The Coptic Apocalypse of Peter (Nag-Hammadi-Codex VII,3) by Henriette W. Havelaar (ed.)
By Henriette W. Havelaar (ed.)
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A few reflections:
(1) That Francis was once a fine looking guy, as steered through the author,was rarely the case. we have now modern graphics of Francis exhibiting differently besides descriptions of his contemporaries equivalent to Thomas of Celano;
(2) That Francis used to be a womanizer, back recommended via the writer, is uncertain. there isn't any facts in any respect of this. In thirteenth Century Assisi, one of these small city, it will were prohibitied until the writer is suggesting Francis visited homes of prostitution. there isn't any checklist of this in any respect. the writer is placing her twenty first Century inklings into the thirteenth Century;
(3) there's no indication in any respect that Francis had any romantic feelings
toward Claire of Assisi. historical past is totally silent in this factor. the writer is correct bearing on Francis' and his love of Arthurian legends.
As a question of historical past, the assumption of chivalric love prohibited sexual touch. woman Poverty was once simply that - a component of his mystical existence. And certainly the age distinction is suspect - Francis was once nearly 30 while he switched over to the magical lifestyles - Claire turning 14 - 15;
(4) convinced, Francis did visit warfare. the writer says he was once a "warrior. "
Such a observe indicates a way of life that can rarely painting the Francis of Assisi of historic checklist. convinced, he went to conflict yet we haven't any inspiration of what he did. He can have killed or he might have been nursing the wounded in his first conflict. we do not be aware of. We do understand he was once attempting to satisfy his father's aspirations whilst he armored as much as move at the Cursades. This enterprise, we all know, used to be interrupted through a magical occasion for Francis. He became again and have become a knight of his Lord - the magical Christ who finally spoke to him at Daniano. used to be he then a "failed knight? " as steered by way of the writer. Francis concept another way. the matter the following seems to be the author's loss of non secular intuition which might make such occasions incomprehensible. If something might be stated approximately Francis at this juncture is that he didn't reside as much as his father's needs - a failed son instead of a failed knight. the connection among Francis and his father is a gold mine that merits mental scrutiny - to make certain a Freudian could come to another end than a Jungian.
(5)The writer contends that he created friendship with the Muslims. hugely exagerated. Francis was once a medieval guy and probably inspiration as so much medieval Christians the assumption of the hugely influential Saint Bernard of Clairvaux, the 1st preacher of the Crusades a century previous. Bernard stated "to kill a Muslim isn't really to devote homocide. " Francis faced the Sultan in the course of the Crusades. at the moment he justified the killing going as being worthwhile till the Muslims authorised the Gospel of Jesus Christ. On his go back from the Crusades he not just didn't hold forth opposed to the Crusades yet his Order, the Franciscans, have been ordered through the Pope to evangelise the Crusades. during this skill, they went from city to city to elevate males, funds and fabric for the Crusades. Had it no longer been for the Franciscans the Crusades couldn't have occurred in that century. No objections from the founder here;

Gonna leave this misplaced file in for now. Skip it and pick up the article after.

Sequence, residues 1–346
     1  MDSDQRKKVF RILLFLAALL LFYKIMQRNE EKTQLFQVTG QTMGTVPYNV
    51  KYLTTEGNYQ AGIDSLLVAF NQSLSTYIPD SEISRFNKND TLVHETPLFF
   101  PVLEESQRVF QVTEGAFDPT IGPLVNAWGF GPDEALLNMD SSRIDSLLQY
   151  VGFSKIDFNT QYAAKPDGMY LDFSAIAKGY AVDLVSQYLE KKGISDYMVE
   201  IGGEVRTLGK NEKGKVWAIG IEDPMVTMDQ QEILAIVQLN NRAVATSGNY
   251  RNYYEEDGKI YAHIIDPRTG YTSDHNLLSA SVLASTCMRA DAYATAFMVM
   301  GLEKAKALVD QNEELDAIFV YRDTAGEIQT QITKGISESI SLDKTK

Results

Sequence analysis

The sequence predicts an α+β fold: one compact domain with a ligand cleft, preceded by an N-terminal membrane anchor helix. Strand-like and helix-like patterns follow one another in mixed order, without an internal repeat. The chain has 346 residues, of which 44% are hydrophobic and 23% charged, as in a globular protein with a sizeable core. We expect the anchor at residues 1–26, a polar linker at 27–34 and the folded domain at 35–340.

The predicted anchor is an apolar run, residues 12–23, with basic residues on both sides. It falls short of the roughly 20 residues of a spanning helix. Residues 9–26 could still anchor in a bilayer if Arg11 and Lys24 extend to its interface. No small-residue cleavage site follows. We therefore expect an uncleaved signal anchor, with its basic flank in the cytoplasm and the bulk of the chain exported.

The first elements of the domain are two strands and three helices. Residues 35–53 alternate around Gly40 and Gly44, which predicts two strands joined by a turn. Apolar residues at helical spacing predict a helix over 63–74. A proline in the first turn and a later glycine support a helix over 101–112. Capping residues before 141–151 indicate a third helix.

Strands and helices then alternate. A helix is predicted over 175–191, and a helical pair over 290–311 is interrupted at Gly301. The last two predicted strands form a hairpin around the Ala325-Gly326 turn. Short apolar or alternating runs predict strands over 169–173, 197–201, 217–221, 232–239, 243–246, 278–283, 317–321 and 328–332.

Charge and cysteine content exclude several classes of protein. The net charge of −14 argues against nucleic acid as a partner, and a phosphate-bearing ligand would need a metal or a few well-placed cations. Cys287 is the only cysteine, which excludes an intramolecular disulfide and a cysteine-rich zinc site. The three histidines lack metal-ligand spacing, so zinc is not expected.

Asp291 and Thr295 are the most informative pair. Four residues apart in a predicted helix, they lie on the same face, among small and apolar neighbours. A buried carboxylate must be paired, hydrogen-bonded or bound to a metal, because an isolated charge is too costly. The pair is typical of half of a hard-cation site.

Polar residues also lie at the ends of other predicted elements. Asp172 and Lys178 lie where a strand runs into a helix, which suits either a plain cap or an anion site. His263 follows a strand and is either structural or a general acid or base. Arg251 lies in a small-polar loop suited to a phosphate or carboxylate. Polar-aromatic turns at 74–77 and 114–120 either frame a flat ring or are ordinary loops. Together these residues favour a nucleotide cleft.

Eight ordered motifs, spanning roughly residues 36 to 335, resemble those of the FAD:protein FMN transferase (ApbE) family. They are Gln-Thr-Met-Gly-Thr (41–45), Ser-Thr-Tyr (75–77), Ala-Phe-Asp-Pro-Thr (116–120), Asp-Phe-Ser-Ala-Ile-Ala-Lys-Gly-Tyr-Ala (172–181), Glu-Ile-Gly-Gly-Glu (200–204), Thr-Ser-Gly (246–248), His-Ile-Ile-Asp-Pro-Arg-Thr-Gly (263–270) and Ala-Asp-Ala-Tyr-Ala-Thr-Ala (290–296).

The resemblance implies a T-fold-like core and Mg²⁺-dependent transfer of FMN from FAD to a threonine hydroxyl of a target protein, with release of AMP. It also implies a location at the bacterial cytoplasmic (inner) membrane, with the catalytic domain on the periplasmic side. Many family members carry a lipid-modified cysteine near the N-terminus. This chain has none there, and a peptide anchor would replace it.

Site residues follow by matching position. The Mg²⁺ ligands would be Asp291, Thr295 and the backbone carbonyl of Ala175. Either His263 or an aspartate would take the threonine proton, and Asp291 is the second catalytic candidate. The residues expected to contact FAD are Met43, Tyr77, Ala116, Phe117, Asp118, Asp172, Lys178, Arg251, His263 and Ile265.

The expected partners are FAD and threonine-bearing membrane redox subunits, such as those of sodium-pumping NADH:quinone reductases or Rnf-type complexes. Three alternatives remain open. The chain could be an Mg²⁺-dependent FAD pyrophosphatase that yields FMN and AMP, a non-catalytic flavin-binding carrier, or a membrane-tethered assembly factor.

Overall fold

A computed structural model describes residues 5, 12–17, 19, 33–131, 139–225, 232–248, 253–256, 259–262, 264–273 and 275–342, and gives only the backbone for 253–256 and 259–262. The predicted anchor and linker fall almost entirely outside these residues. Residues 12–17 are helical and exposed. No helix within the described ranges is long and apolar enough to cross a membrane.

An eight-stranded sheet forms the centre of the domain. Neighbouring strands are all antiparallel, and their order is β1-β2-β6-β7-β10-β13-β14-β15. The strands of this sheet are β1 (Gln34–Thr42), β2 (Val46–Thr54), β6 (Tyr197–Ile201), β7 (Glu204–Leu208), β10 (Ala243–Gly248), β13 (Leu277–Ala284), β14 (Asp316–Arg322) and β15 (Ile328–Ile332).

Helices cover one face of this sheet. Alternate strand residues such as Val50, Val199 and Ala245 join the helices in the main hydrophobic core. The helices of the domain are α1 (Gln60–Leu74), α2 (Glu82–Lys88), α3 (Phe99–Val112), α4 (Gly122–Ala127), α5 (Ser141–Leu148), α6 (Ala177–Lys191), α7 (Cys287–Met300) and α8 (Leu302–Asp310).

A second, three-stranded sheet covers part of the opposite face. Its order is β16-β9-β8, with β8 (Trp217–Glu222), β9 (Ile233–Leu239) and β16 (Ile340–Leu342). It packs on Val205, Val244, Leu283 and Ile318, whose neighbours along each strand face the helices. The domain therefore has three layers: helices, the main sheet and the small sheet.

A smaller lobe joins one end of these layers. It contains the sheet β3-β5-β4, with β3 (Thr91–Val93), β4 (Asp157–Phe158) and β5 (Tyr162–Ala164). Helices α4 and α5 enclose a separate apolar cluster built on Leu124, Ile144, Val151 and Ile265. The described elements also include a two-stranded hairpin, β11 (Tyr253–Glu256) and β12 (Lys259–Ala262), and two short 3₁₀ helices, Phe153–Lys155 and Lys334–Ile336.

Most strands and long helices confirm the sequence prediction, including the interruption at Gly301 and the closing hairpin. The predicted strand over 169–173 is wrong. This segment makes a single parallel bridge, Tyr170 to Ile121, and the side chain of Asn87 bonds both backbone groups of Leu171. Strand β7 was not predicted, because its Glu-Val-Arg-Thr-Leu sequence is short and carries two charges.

There are many strong books on Saint Francis. this isn't considered one of them. the writer lacks the spirit of the age, the spiritual intuition which can understand what the actors are facing. i'm sorry to claim this isn't strong historical past. it truly is sloppy background reflecting the emotions of the current into the prior. Of the potential 5 stars I remove 3 for wish of heritage yet supply it one megastar for the canopy and one famous person for the paper it truly is written on. Why punish the blameless no matter if inanimate?
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Additional resources for The Coptic Apocalypse of Peter (Nag-Hammadi-Codex VII,3)
I translate this phrase as: "but they will turn themselves to them again". Kr '73: "sie werden sich wieder zu sich wenden"; Br '77: "they will turn themselves again"; Br '88: "they will turn from them again"; Wr '89: "werden sich (doch) wieder davon abwenden"; Tr '77 (213): "und werden (doch) wieder zu ihnen zurückkehren"; Br '96: "But they will turn away again"; Ks '78 (37): "und sich (dann) wieder davon abwenden". 30f. 6 T G TT2lI TTG: This hermeneutical rei. 29). Although by 6 T 6 ΤΤλΙ ÏÏ6 the object is explicated, the expression seems to have the same function as the more common NÓI, which defines a pronominal subject.
12-14 With Brashler '88 and '96, I translate G C y ^ q c y o m G as a second tense: "It becomes destruction for it and death". 7 6 . 2 2 - 2 3 N G T G Ν Ο Υ Ο Υ : 'theirs', elliptic f o r N 6 T G N o y o y NG. 24f. oyCDTB ΘΒΟΛ, may render α π έ ρ χ ο μ α ι 'depart from' (Crum 496b; Liddell and Scott 187a). It could also translate μ ε τ α β α ί ν ω / μετατίθημι to mean: 'pass over to' (a different kind of teaching), or simply 'change' (Liddell and Scott 1109b; 1117b). These equivalents are attested for OYCDTB 6 Β Ο Λ as well as o y t ü T B 6 Β Ο Λ £Ñ.
See Ch. 1. 21-22 The phrase NH ΝΤλYCCUpFf M M O O y · can be understood in two ways: 1) who have deceived them 2) whom they have deceived (= who have been deceived). I prefer the second translation. Kr '73: denen, die sie in die Irre geführt haben; Br '77: "those who have been deceived"; Br '88: "those who misled them"; Wr '89: "die Verführten"; Br '96: "those who have been misled". See the commentary for an explanation of this phrase. 29-32 ¿coc NITTONHpON Xe superfluous. eyócucyT βΒΟΛ. £ ñ ο γ λ ^βΝβΒΟλ.